New Penguin Classics Marvel Collection Debuts, Rolling Stone Raves
The Penguin Classics Marvel Collection, the first time comics have been published by Penguin Classics, introduced the first three books in the series – BLACK PANTHER, CAPTAIN AMERICA, and THE AMAZING SPIDER-MAN — this month. Each title is published in black spine paperback as well as a collectible hardcover edition with beautiful gold foil stamping, gold top stain edges and endpapers featuring artwork from the comics. They each include a foreword by a contemporary young adult author and a detailed scholarly introduction, speaking to the enduring significance of Marvel’s iconic creations.
The debut of the Penguin Classics Marvel Collection generated much media attention, including prime coverage in BuzzFeed and the Chicago Tribune, as well as a feature in Rolling Stone, which had high praise for the series and Penguin Classics, saying, in part, “You can pick them out by sight on book shelves: the trade paperbacks with the Gill Sans and Perpetua typeface font, the austere black spines — all the better to make the orange-and-white lettering stand out, my dear — and the tiny flightless-fowl logo. This is the signature design of Penguin Classics, the division of Penguin Publishing that, for over 75 years, has put the canon of Western literature from Homer to Hawthorne in the hands of readers. It’s a distinct look that screams, ‘You are in the presence of a Very. Important. Book.’ Bibliophiles have been known to reflexively drool on sight when they spot them…[Comics] are the closest things we have to modern mythologies, and these tales of gods and monsters, heroes and villains aren’t just childish things to be put away after childhood’s end. They deserve to be discussed in the same breath as other classics of the literary form.”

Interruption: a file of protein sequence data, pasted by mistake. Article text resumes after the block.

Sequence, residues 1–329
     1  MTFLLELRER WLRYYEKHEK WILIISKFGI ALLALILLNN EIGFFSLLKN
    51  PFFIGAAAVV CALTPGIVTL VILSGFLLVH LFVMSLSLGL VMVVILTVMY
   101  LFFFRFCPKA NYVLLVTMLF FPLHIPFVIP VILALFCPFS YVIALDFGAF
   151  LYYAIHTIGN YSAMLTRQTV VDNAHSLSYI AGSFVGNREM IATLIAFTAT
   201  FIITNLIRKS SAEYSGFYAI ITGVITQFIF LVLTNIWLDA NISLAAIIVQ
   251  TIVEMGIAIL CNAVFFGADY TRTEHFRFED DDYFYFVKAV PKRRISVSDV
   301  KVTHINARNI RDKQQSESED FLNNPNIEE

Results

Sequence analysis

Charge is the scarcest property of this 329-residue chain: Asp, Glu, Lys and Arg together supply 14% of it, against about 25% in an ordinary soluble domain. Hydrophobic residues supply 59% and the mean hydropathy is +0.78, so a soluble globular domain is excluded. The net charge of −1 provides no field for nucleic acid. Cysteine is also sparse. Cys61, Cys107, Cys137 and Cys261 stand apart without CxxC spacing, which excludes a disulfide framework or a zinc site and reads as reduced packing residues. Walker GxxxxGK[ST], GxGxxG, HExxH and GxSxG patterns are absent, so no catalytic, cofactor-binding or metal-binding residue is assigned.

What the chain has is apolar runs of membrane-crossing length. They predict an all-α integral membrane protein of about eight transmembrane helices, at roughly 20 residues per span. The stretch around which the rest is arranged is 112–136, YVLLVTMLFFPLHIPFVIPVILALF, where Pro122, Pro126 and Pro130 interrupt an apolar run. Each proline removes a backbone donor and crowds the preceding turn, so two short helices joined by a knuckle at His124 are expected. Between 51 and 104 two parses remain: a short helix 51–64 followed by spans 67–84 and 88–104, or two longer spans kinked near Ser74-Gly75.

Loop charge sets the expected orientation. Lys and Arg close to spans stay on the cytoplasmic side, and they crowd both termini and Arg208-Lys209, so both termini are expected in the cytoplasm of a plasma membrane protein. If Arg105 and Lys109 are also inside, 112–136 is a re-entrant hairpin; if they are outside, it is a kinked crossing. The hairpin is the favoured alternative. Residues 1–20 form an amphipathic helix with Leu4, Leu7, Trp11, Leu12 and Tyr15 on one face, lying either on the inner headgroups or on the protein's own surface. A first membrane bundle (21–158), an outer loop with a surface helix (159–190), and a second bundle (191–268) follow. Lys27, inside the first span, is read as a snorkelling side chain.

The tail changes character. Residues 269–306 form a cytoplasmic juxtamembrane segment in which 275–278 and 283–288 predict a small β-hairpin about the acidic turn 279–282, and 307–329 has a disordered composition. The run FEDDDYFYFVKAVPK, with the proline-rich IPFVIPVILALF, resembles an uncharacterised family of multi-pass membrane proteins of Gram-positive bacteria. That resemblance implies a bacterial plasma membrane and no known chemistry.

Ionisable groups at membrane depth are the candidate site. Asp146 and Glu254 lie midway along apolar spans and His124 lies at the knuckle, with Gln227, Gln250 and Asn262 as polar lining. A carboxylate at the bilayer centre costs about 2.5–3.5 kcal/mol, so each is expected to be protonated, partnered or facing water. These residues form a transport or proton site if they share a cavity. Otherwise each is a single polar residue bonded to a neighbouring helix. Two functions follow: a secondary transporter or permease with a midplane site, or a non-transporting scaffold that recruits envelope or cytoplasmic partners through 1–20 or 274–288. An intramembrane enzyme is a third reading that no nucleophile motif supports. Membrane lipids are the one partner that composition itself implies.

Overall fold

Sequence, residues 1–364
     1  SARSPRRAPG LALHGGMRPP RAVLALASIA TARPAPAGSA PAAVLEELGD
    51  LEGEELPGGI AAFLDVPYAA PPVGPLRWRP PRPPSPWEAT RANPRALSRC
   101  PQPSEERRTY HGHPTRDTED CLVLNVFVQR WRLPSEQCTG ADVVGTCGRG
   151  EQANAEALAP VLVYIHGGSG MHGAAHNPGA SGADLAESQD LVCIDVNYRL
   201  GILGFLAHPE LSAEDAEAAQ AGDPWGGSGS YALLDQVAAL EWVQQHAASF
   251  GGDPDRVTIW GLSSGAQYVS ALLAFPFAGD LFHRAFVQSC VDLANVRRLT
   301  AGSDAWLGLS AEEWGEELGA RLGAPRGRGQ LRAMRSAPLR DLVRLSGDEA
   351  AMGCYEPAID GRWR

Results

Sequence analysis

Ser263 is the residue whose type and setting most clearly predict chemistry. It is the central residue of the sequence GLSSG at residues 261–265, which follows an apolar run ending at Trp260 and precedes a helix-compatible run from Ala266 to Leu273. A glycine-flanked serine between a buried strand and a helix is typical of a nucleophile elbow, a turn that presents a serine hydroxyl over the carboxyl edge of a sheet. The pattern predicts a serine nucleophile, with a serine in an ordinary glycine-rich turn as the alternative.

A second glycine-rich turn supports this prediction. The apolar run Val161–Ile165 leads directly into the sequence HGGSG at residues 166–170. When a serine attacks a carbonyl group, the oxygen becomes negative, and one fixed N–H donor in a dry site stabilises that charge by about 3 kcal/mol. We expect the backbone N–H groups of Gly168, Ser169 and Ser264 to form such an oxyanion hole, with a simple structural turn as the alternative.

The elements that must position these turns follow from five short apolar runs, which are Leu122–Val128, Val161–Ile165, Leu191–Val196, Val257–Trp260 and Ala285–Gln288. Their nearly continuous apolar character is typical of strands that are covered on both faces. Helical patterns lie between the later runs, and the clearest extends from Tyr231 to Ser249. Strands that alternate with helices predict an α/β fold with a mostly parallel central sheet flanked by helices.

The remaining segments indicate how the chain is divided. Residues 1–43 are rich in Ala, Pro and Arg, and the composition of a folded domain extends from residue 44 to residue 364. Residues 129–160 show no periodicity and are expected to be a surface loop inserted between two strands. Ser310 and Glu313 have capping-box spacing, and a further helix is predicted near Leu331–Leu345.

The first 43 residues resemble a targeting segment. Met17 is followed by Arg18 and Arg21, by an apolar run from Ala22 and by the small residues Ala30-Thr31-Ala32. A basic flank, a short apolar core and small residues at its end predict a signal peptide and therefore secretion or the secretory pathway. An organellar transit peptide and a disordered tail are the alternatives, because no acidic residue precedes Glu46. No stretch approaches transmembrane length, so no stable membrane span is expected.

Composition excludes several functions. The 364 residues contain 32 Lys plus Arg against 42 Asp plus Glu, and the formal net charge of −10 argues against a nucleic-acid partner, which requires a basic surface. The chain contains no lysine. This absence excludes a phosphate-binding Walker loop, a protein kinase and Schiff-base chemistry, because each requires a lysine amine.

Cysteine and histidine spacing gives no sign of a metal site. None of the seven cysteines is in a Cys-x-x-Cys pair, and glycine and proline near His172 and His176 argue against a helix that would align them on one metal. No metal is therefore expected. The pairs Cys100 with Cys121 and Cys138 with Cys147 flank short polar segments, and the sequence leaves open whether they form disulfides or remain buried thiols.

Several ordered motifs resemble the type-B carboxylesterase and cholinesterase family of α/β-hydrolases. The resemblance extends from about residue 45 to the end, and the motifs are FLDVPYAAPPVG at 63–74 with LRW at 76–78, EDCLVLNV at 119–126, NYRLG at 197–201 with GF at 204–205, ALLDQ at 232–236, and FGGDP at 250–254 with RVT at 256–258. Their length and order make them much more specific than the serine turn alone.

Penguin Classics VP & Publisher Elda Rotor told Rolling Stone: “I could already start to see what these comics might look like if you put them between our covers and within the black spines of our editions. It didn’t take that much convincing to think about how exciting it would be to put out works which are already parts of readers’ personal canons. It’s already part of the history of American literary storytelling. They are already considered to be classics for their communities.”
Ben Saunders, editor of the series and a comic books aficionado, says, “The comics produced at Marvel in the 1960s can be compared to the most enduring popular music of that same tumultuous decade. Working at tremendous speed in what was widely regarded as a low-status commercial medium, the creators at Marvel initiated and participated in an aesthetic revolution. These comics have now influenced writers and artists across all forms of media — from contemporary novelists to hip hop musicians to Hollywood filmmakers. It is not hyperbole but simply a fact: these classic Marvel Comics are foundational documents of our culture.”